Aaron Matthews is in that Tonka, the color of Willy Wonka.
Kanye is not an innovator. He’s a synthesizer. A lot of the ideas on this new album appeared to some degree in his earlier work: the layered synths on Graduation, his beats for Jay, Drake, and Rawse, the auto-tuned harmonies on “Jesus Walks,” and “Spaceship’s” pre-808s foreshadowing.
Orchestration entered on Late Registration. Just listen to the way “Runaway” rips the chord progression from “Torn” and pairs it with a Pete Rock beat. The album is simultaneously layered and shallow. It’s a bit like Dr. Dre’s 2001, hip-hop as a widescreen THX blockbuster. People Kanye considered mentors co-produced this record: rap architects from the East (RZA, Bink!) Midwest (No I.D.) and the South (Mike Dean). They built them for Ye, but he bended them to his imagination. RZA’s filthy, running piano line straight out of Return to the 36 Chambers plays off a heavenly, autotuned Greek chorus. No I.D.’s revving synths on “Gorgeous” give way to elegiac keys and searing guitar, setting the stage for a distorted Raekwon verse about name-brands and crime.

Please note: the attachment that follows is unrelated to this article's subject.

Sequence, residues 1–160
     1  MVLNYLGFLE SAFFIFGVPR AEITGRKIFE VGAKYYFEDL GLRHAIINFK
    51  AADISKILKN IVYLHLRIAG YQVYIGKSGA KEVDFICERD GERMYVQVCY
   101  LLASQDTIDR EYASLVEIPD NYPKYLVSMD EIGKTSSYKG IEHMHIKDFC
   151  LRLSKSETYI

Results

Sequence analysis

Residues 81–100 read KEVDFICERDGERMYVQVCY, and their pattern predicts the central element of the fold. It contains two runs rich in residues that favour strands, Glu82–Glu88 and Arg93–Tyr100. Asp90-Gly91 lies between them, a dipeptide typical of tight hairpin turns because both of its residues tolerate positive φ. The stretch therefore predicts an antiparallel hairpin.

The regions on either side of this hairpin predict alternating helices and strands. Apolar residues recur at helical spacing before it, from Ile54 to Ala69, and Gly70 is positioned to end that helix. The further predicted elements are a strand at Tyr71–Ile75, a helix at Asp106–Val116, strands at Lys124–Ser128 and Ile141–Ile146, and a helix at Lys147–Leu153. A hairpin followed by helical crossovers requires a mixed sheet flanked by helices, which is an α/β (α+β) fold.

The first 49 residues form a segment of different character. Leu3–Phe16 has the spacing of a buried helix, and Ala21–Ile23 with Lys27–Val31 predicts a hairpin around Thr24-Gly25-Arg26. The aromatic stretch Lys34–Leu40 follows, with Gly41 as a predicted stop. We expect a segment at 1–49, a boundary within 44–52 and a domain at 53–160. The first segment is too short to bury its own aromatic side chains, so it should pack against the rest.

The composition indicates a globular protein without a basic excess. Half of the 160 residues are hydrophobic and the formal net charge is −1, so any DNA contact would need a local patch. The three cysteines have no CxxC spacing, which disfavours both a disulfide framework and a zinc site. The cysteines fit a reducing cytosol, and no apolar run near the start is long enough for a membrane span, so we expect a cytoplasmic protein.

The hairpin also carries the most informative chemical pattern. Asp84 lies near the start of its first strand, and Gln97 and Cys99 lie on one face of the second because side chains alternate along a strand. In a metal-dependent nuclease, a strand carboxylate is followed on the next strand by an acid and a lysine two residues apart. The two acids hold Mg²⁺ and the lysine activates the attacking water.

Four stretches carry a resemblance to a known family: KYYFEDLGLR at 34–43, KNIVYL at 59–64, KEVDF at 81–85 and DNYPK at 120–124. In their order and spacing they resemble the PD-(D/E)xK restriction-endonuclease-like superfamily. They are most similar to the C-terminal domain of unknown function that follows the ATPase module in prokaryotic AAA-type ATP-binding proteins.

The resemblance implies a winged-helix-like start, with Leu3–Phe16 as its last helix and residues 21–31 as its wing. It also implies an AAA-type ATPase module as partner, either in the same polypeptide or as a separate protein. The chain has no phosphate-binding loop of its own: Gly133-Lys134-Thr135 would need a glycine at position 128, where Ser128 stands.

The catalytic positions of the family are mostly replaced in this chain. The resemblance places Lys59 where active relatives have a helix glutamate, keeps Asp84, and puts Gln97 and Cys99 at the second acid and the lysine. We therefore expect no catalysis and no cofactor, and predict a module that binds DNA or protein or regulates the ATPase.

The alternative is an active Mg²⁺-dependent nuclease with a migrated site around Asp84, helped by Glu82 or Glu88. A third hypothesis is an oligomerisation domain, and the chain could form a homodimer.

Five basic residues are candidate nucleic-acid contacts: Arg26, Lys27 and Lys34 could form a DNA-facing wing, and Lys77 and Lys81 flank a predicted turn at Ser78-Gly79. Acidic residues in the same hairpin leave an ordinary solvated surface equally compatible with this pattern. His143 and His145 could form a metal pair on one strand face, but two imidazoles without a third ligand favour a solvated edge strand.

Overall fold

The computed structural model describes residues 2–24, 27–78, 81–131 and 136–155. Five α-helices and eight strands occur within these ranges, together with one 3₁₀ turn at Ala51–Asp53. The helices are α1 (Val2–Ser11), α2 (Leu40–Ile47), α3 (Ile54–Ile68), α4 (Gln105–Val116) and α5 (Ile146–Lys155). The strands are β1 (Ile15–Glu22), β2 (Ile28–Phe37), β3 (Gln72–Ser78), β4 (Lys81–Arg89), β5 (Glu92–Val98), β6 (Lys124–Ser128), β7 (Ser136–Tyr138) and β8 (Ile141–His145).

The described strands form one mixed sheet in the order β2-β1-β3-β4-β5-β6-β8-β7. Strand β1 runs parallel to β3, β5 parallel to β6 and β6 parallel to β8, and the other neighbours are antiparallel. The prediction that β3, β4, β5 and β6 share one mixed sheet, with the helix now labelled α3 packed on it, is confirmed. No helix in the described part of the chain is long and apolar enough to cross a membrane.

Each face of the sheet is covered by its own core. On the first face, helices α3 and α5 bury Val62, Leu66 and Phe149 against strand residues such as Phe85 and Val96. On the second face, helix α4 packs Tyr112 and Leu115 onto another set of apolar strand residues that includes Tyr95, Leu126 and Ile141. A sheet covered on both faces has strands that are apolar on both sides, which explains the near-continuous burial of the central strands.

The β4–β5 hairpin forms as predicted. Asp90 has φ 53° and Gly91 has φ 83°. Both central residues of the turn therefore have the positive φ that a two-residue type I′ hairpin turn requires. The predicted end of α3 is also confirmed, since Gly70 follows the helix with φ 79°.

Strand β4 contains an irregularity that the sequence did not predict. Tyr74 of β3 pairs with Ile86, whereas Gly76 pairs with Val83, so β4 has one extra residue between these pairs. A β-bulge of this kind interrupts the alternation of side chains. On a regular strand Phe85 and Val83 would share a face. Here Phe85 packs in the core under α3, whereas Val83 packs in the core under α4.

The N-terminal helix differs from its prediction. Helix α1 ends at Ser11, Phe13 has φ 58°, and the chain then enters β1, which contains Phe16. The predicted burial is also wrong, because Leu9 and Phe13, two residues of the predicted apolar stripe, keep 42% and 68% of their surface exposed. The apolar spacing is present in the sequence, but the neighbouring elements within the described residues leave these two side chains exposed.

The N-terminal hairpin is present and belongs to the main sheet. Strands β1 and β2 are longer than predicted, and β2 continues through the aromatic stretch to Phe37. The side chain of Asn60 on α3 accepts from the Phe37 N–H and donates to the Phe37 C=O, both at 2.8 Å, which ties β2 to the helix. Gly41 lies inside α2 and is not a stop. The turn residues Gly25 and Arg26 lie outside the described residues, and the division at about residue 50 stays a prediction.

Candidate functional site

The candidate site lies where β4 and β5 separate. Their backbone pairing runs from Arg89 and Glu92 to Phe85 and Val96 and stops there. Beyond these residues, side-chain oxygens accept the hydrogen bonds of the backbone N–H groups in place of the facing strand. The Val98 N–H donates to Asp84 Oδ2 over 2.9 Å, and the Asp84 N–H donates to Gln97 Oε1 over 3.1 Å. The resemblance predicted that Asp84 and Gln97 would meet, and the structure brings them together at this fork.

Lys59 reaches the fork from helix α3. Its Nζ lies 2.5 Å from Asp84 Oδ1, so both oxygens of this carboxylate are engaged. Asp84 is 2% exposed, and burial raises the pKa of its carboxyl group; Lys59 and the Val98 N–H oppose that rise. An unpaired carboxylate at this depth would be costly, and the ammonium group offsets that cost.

It’s an album that’s impossible to listen to as background music. It has a lot to do with Kanye’s big leap as an emcee. “Devil In A New Dress” and “Blame Game” are potent reminders of how how funny and insightful he can be at his best. That trademark combination of corny jokes, humour and occasional gems of wisdom. “So much head I woke up in Sleepy Hollow,” “You getting black mail for that white girl” etc. The album is indulgent as hell but consistently interesting, even when the focus dips. And it’s always more about sonics than lyrics – though I do find myself quoting Nicki Minaj on “Monster” whenever possible. “Hell of A Life” is bizarre garage rock skronk that complements Ye’s fantasy of a porn star marriage–with “Grindin’” mouth pops on the chorus and rolling Bonham drums. It’s the song that best realizes the album’s vision of prog-hop. “Lost In The World” is a house party in the woods, richly built vocoder and AutoTune choruses interwines over rumbling DJ Rob Base percussion and bass that parts the heavens.
No, “All of the Lights” doesn’t need Elton John on keys or Fergie’s overblown melisma. Or the three minute vocoder solo on “Runaway.” But Kanye excels at excess. He makes the sprawling personal and compulsively listenable. He’s pulled the strange trick of becoming more relatable as he’s gotten more infamous. “Blame Game” is intensely personal, down to each wrenching detail (angry bathroom sex, his girl buying coke with his money), but anyone who’s had their heart broken will understand. My Beautiful Dark Twisted Fantasy is fucking ridicuwous. Yeezy reupholstered my brain.